Tuesday, April 2, 2013
The middle of nowhere used to feel a lot different.
Sure, it’s always offered respite with a slower pace, fresh air and country living. It’s also been a little inaccessible. Harder to get everything you want or need without at least an hour’s drive to the next more populated community. A sometimes difficult sell for expanding companies.
But in the new “broadband economy,” it can have the best of both worlds: connectivity in the oasis.
Louis Zacharilla, a keynote speaker at the Walla Walla Valley Chamber of Commerce’s upcoming Business Summit, is a virtual bishop of the broadband economy.
As co-founder of the Intelligent Community Forum, he has studied communities from Reykjavik, Iceland, to Columbus, Ohio, charting their successes as they embrace change and growth in the digital age.
In his presentation, “Community as Canvas,” at the April 12 Business Summit, Zacharilla will discuss how geographic location is no longer a determining factor in a community’s economic potential. In the broadband economy, information and technology are the backbone and innovation and people are key to job creation.
“It’s about seizing your destiny,” Zacharilla said during a telephone conversation from his base in New York. “We understand better how to do it now.”
The Intelligent Community Forum is a think tank that explores how communities can move into the 21st century with success. Those that are doing so all have five things in common. They are: broadband technology, a knowledge workforce, innovation, digital inclusion, and marketing and advocacy.
As with so many great movements, Zacharilla’s is driven by personal experience.
He grew up in a small community in upstate New York that he describes as “everything you’d want.” With a railroad as its economic engine, it had a sense of family and security, private business development and educational opportunities. But when the economic driver changed, so did the town.
“The place had just begun to fall apart,” Zacharilla said.
By then, he was on his way to New York City for a career in advertising. (Remember the U.S. Army’s “Be All You Can Be” campaign? That was Zacharilla’s.) He moved into the satellite business. But he had a longing to answer the questions about what had happened at home and why recovery never took place. He talked about it with colleagues in top-level positions in government and business.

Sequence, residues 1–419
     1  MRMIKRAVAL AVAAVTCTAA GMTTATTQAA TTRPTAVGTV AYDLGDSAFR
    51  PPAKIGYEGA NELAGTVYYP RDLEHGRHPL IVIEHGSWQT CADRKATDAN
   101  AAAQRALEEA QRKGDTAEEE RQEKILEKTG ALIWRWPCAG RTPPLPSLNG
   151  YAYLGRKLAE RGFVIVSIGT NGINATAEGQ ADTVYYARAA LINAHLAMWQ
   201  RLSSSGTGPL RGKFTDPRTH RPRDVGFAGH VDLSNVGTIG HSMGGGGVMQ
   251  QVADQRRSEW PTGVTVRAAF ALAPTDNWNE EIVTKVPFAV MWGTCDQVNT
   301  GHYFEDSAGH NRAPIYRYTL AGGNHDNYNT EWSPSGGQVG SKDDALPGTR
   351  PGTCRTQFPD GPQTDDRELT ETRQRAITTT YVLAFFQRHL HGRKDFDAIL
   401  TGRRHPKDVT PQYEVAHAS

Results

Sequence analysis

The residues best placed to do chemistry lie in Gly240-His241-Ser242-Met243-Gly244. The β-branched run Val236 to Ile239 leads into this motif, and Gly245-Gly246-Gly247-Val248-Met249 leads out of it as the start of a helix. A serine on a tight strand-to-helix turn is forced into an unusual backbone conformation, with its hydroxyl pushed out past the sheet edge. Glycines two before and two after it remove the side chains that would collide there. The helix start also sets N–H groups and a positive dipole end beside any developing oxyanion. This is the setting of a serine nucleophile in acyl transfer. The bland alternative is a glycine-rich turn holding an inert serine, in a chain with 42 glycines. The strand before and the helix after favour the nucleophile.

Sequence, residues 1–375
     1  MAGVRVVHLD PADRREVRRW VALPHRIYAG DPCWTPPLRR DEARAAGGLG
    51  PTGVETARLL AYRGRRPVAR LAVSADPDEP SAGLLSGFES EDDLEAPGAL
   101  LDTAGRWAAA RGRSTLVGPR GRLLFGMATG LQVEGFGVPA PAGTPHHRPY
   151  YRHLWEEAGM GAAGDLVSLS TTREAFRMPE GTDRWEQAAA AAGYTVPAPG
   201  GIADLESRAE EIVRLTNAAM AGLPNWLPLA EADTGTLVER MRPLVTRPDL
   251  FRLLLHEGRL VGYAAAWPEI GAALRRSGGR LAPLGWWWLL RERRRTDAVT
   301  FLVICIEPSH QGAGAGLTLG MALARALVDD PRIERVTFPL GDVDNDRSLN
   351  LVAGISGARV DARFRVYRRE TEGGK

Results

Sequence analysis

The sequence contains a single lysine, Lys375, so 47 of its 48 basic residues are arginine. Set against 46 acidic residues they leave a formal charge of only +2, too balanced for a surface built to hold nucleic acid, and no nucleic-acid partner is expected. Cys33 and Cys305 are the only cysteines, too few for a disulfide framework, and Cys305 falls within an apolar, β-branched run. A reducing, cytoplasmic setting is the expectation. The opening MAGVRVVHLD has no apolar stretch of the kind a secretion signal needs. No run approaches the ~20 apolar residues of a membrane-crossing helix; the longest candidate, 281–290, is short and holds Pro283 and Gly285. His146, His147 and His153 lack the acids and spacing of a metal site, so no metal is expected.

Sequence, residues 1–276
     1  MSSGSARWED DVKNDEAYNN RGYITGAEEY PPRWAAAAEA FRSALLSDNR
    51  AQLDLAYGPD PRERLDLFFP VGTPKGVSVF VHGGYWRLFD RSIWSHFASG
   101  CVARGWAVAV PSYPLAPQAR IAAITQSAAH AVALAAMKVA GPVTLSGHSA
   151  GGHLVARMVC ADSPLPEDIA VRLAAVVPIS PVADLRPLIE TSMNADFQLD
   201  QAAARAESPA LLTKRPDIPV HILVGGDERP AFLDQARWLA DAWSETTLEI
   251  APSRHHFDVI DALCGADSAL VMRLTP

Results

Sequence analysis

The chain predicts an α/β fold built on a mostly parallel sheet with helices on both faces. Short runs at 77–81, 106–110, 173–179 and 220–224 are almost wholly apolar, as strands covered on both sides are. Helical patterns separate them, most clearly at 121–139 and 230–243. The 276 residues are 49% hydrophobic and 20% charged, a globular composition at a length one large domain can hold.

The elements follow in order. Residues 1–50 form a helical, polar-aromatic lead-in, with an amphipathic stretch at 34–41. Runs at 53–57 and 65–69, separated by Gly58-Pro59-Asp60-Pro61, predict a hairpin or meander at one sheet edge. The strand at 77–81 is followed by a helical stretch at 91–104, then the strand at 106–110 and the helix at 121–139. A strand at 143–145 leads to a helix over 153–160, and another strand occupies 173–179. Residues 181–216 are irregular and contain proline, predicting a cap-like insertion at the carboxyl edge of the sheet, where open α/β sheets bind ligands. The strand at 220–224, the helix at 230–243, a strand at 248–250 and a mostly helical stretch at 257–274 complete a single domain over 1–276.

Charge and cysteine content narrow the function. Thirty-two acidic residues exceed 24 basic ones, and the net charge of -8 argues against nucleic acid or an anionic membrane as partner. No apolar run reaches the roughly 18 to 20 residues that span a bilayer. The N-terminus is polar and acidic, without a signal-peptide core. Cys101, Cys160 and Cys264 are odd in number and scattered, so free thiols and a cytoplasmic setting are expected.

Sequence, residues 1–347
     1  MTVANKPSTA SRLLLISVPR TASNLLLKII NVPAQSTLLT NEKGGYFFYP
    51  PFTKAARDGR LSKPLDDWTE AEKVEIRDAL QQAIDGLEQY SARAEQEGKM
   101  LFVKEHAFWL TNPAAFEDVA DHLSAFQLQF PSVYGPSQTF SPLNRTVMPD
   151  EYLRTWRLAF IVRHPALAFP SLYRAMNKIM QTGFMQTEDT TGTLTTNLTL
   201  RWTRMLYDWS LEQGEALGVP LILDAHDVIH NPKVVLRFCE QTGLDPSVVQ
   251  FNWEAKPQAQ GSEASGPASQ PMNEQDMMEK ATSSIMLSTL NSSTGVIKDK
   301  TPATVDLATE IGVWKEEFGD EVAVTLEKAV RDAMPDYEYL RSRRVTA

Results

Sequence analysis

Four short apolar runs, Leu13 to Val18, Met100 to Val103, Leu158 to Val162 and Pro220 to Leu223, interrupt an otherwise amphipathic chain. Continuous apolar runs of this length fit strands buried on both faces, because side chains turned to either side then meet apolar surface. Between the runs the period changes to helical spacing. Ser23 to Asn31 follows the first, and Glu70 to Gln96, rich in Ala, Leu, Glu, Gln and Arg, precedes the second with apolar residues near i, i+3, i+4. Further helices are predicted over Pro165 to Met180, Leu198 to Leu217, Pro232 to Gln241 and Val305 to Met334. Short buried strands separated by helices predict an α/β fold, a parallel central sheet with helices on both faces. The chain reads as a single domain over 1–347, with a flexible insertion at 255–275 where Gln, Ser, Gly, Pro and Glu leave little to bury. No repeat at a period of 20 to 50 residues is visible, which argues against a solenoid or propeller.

“I found out I wasn’t alone,” he said. “We seemed to see the consequences: people being adrift, rising crime, less trust in communities — stuff that, in many ways, we tried to fix from a top-down perspective but that hasn’t seemed to work very well.”
Initially the research was privately funded by Zacharilla and cohorts. Eventually they put together a think tank and received funding from the Canadian government to examine six communities that worked.
They put together metrics. They moved forward studying communities based on the five criteria. Books have been written and countless presentations made. Now 119 communities across the globe have been designated as “intelligent” under the foundation.
The concept spoke to David Woolson, Walla Walla’s Chamber chief executive, when he first encountered Zacharilla at a conference. Digital development speaks not only to one of the Chamber’s key initiatives for economic development but also comes as fiber optic cable for communities such as Dayton and Pomeroy was just being completed under two federal grants.
“It’s about how do we really look at this serious infrastructure and capitalize,” Woolson said.
Anyone who suspects the Walla Walla Valley might not be prime for this kind of development need only look at Stratford, Ontario, named for the third consecutive year as one of the Intelligent Community Forum’s Top7 Intelligent Communities of the Year.
Stratford has a population around 30,000 people with an agricultural base, auto parts and other manufacturing, and is known for having North America’s largest Shakespearean theater festival.
Led by Mayor Dan Mathieson, the community’s city-owned utility built out a 70-km open access fiber network with a WiFi overlay and signed sales agreements with commercial carriers to deliver triple-play and mobile services, according to the ICF.
That network enabled the Shakespearean festival to bolster its online marketing, thus having a key role in the city’s tourism.
Simultaneously, the city has used the network to cut its own telcommunication costs and power a smart meter program.
Stratford has since become a test bed for technology pilots for companies ranging from Toshiba to Cisco, the ICF said. It’s also a hotbed for expanding academics after the city persuaded the University of Waterloo to open a campus in Stratford, offering graduate and undergraduate studies.
“The one thing people need to understand is this is an inter-generational project,” Zacharilla said. “To rebuild societies we are talking two generations.”
One positive side effect: It can help slow the migration of young people who leave the community for better opportunities elsewhere.
“If they believe that they don’t have to move to L.A. or New York or Singapore to do this and they really want to stay and invest in their culture, they can build a life,” Zacharilla said.
Knowing about it and overcoming fear of change are among the initial steps.
“Getting people to simply embrace the fact that nothing stays the same is really hard in America,” he said.
“There is a lot of frustration. People don’t think there’s any hope. They think they’re the only community going through this. They could’ve taken some action before the real pain, but there’s always hope. There’s a human community here.”
Vicki Hillhouse can be reached at 509-526-8321 or email@example.com